Air-quality officials voted Wednesday to stop issuing citations for pollution violations to the Newhall Refining Co. until Nov. 30, to give the refinery time to repair equipment suspected of emitting foul odors, which community residents said have made them sick.
The South Coast Air Quality Management District voted unanimously to grant the refinery a variance allowing it to continue operating until the deadline without facing fines for new violations stemming from the illegal release of sulfur dioxide.
The refinery, which has been cited 12 times since April for the emission problem, had originally sought a variance that would protect it from citations until late March, AQMD Deputy District Counsel Patti Woods Goldberg said. Each violation carries a fine of up to $1,000.
‘A Closer Watch’
In agreeing to the November deadline, Goldberg said, air-quality officials are “keeping a closer watch on Newhall, making sure they develop a schedule to find out exactly what is going wrong and how to fix it. We’re saying, ‘You can break the rules until then.’ ”
Company officials say it is possible that the refinery will be unable to fix its sulfur-control equipment by Nov. 30. In that case, the refinery could ask for another variance, Goldberg said.
Wednesday’s ruling stems from complaints by the Placerita Canyon Property Owners Assn., many of whose members have been angered by the stench of the sulfur dioxide, which they liken to that of rotting eggs.
“The smell is extremely strong, and the incidents have just become so frequent,” said Jim Mixa, president of the association. “The doses apparently are not harmful, but many of us have had headaches and allergy-type symptoms that we’re sure were caused by the refinery.”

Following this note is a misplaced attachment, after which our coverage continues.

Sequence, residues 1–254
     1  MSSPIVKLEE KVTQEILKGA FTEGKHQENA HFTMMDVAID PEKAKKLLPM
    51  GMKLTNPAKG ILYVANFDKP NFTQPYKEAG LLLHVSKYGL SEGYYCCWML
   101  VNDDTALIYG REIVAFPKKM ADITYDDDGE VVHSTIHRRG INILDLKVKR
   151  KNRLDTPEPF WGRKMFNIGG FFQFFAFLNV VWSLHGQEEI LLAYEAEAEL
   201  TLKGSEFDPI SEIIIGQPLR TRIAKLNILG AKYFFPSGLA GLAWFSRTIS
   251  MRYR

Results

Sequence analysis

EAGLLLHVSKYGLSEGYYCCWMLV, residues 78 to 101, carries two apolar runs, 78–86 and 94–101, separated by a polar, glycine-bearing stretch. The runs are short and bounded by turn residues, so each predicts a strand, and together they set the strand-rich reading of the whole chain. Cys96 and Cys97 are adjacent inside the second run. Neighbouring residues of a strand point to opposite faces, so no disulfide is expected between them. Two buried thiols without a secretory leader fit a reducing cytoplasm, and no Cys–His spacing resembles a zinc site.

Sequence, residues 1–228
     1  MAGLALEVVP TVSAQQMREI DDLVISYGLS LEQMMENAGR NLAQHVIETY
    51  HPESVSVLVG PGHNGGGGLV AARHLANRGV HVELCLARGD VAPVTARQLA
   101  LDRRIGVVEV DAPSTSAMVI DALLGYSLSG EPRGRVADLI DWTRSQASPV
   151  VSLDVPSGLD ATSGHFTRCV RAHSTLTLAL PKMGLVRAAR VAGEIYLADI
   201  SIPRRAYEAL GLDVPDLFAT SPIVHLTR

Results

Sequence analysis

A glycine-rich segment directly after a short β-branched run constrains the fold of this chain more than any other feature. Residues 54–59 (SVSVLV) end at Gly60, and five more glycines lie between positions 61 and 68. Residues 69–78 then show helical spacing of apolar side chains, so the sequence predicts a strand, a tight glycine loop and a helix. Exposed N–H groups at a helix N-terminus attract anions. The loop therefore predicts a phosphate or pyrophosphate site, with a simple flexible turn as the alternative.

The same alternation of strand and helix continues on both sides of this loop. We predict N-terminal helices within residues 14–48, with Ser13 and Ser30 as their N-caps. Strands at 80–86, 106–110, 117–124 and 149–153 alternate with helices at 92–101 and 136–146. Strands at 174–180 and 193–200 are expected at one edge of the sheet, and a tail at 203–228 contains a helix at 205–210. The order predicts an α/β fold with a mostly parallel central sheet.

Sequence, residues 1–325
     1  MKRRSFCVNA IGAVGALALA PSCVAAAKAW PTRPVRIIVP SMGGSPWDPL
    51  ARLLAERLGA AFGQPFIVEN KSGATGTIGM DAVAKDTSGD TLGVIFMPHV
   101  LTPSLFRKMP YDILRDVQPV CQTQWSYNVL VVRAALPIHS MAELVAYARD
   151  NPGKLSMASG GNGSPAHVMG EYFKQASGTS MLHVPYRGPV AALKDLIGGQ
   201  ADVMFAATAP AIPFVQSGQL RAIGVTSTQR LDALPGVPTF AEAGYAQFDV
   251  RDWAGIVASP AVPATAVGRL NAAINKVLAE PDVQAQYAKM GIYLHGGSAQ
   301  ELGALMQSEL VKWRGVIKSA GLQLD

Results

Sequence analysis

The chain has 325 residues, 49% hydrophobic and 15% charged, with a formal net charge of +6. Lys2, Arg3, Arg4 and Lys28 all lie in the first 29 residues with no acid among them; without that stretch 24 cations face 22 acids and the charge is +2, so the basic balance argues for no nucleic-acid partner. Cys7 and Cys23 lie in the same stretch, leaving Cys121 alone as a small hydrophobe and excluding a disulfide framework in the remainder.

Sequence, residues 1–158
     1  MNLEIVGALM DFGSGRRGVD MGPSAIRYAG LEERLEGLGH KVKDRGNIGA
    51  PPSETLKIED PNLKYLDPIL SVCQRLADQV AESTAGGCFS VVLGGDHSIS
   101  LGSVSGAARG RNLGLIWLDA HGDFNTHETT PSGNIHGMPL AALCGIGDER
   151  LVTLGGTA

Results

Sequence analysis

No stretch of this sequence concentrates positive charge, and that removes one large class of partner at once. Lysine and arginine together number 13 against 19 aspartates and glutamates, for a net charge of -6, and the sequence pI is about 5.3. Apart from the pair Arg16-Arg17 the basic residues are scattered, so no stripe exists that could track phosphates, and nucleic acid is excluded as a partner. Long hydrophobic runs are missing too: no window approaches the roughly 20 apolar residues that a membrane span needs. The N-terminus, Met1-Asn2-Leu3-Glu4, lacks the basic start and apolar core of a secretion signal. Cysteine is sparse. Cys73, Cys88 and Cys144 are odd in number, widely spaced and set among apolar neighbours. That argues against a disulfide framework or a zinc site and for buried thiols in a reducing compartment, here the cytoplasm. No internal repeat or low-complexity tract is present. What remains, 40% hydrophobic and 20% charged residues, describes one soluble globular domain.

Most of the homeowners live about two miles north of the refinery, which is on Clampitt Road, between the Antelope Valley Freeway and Sierra Highway.
“We know there is concern in the public eye,” Henry Seal, general manager of the refinery, told the five-member air-quality hearing board in El Monte. “If the variance is denied, we’ll have to shut down.”
A plant closure would cost the Newhall Refinery Co. about $30,000 a day, Seal said, and would prevent the company from fulfilling its contracts with public agencies and private firms.
The refinery, which has about 100 employees, processes about 23,00 barrels of crude oil a day into diesel fuel and other products. It is a subsidiary of Pauley Petroleum Inc.
The refinery’s attorney, Robert Gillon, said that to fix the sulfur-control equipment, the company has hired a new chemist and engineer, purchased new equipment, brought in private consultants and set aside about $500,000 for pollution-control devices.
The air-quality district ordered the refinery to meet 13 stipulations or face revocation of its variance, district spokesman Ron Ketcham said.
For example, the refinery must patrol outside the plant to detect sulfur odors and log the information daily, analyze the crude oil for traces of foreign substances, and provide residents with the name and number of a refinery representative who can be contacted, Ketcham said.
Refinery officials, although acknowledging that their sulfur-control equipment is malfunctioning, have maintained that odors in the neighborhood might come from other sources, including nearby natural-gas plants, sulfur springs, oil tanks and septic systems.
Besides the citations for emission of sulfur dioxide, a lung-irritating gas that contributes to acid rain, the company has been accused of running boilers and heaters with fuel containing too much hydrogen sulfide.
According to the company’s petition for a variance, the recent problems stem from malfunctions in a $100,000 sulfur-recovery unit the company installed in 1985 to supplement an older sulfur-control system.
The new system, Seal said, has become clogged with salt deposits, and often “burps” when it is turned off, sending sulfur dioxide into the air.